US, Israel and Gulf Arab allies launch joint Red Sea drill
DUBAI, United Arab Emirates (AP) — Naval forces from the United States, Israel and two Gulf Arab states are taking part in a joint security drill in the Red Sea, a vital shipping route that feeds into the Suez Canal.
The U.S. 5th Fleet said Thursday that the five-day multilateral maritime exercise with Israel, the United Arab Emirates and Bahrain began on Wednesday and includes at-sea training focused on search and seizure tactics aboard the USS Portland transport dock ship.
The drill comes a little more than a year after the UAE and subsequently Bahrain normalized ties with Israel despite strong criticism by Palestinians over the formal recognition of Israel.
An Israeli navy officer said it is the first time the three nations have shared maritime training exercises. The UAE also sent a delegation to an Israeli-hosted air force drill last month.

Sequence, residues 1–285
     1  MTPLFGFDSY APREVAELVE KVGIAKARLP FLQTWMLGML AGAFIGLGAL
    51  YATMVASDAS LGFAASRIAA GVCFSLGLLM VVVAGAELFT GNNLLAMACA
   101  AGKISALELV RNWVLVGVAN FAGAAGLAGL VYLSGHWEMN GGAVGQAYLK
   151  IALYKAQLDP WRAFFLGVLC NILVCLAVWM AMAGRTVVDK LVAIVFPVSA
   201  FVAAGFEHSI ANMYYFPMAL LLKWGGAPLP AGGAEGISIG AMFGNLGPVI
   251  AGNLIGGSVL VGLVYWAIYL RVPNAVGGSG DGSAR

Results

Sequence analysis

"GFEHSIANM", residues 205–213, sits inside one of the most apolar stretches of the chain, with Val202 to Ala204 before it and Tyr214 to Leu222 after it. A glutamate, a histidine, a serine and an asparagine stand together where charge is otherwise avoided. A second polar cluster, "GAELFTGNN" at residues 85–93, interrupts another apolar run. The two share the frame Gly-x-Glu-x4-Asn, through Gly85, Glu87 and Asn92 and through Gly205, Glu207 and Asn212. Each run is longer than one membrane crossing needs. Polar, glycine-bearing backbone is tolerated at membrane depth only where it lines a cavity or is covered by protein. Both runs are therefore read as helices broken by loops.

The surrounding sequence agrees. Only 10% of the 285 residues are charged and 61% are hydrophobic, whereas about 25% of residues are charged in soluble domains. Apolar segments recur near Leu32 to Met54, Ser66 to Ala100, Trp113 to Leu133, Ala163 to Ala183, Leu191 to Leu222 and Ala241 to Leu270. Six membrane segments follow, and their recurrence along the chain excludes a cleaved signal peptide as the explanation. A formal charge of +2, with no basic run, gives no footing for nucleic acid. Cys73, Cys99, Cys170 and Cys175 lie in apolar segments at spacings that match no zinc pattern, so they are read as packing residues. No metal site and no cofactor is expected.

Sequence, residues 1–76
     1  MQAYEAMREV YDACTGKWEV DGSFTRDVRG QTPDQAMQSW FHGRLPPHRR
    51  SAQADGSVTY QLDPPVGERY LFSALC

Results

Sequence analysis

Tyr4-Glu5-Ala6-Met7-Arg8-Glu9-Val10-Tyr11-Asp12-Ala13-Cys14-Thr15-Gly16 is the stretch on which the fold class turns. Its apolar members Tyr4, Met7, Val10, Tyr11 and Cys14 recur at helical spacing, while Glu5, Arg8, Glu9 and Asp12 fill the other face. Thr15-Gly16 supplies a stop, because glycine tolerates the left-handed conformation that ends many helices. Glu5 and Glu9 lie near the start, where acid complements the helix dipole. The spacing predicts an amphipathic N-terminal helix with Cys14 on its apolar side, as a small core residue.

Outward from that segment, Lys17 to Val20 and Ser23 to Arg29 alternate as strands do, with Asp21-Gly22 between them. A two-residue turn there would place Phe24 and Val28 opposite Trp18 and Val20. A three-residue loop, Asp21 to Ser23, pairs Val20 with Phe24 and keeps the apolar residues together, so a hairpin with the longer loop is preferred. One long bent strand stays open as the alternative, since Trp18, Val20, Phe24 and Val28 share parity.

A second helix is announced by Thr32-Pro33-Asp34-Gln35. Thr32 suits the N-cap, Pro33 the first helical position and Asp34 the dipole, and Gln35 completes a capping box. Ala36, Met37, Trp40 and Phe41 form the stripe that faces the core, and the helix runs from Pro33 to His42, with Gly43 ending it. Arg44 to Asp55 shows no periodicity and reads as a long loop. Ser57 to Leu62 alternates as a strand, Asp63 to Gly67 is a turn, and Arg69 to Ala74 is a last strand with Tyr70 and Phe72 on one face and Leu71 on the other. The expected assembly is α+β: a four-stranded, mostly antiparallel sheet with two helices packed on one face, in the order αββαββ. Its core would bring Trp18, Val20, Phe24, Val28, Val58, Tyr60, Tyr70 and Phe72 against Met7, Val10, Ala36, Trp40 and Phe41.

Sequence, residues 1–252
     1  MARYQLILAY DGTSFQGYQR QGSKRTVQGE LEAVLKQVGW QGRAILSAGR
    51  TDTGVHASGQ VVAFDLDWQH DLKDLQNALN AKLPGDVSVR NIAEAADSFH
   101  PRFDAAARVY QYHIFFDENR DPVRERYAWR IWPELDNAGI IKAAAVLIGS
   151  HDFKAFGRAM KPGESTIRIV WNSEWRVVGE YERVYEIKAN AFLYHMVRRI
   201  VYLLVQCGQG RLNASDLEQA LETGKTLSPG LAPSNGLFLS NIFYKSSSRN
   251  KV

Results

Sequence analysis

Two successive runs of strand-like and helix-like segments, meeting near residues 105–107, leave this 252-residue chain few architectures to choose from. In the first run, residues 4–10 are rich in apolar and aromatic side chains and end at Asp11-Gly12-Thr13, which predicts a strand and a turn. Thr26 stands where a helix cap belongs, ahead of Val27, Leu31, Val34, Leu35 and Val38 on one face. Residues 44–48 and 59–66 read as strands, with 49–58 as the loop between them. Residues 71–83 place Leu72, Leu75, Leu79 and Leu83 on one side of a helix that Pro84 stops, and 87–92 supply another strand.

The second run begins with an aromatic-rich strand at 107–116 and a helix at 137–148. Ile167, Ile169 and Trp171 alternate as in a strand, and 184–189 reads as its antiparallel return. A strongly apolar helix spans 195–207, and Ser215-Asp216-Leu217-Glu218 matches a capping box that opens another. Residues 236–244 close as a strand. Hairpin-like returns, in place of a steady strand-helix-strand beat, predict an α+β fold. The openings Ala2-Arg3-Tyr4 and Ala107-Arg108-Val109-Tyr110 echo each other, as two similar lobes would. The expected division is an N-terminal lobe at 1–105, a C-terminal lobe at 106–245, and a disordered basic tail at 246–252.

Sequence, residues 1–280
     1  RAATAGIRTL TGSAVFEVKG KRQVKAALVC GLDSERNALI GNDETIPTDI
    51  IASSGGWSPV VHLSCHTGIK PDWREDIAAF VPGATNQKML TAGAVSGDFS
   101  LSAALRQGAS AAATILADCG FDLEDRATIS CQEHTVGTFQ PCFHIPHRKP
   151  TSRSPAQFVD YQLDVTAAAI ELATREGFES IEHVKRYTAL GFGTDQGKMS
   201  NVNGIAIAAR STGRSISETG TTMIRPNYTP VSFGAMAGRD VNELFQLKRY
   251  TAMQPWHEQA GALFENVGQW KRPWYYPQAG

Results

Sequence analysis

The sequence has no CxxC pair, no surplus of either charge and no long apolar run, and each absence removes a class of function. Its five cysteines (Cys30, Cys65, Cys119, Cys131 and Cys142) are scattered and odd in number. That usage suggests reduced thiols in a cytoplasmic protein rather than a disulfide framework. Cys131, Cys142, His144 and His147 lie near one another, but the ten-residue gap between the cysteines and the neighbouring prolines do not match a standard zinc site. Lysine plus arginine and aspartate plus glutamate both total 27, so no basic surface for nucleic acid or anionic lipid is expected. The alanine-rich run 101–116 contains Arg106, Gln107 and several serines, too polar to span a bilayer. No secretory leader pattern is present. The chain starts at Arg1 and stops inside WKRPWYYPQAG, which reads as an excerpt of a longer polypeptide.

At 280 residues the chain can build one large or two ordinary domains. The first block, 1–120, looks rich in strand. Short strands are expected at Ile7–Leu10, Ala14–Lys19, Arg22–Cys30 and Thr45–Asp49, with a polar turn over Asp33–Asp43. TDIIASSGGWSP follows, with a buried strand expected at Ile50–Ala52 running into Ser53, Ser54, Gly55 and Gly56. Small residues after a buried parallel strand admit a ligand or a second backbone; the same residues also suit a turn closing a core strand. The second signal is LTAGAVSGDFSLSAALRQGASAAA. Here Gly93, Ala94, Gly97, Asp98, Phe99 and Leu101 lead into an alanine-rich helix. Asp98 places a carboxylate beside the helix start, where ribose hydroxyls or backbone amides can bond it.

“This is the first time at sea, and actually it’s exciting that young officers are meeting young officers,” the officer told reporters, speaking spoke on condition of anonymity under military guidelines. “We’ll do it step by step.”
Their participation reflects their shared concerns over Iranian threats to regional shipping. Israel has accused Iran of trying to use the high seas to smuggle weapons to Israel’s enemies. It also has accused Iran of carrying out a series of attacks on civilian ships with Israeli ties.
Israel has acknowledged beefing up its naval presence in the Red Sea in response to what it says is heightened Iranian aggression.
The statement by the 5th Fleet did not specify where in the Red Sea the exercise was taking place. The sea, which connects the Mediterranean Sea by the Suez Canal with the Indian Ocean by the Gulf of Aden is one of the world’s key oil shipping routes.
Over the past years, Yemen’s Iran-backed Houthi rebels have targeted oil shipments in the south of the waterway. Saudi Arabia and the UAE have waged war against the Houthis since 2015, in support of Yemen’s internationally recognized government.
Associated Press writer Josef Federman in Jerusalem contributed to this report.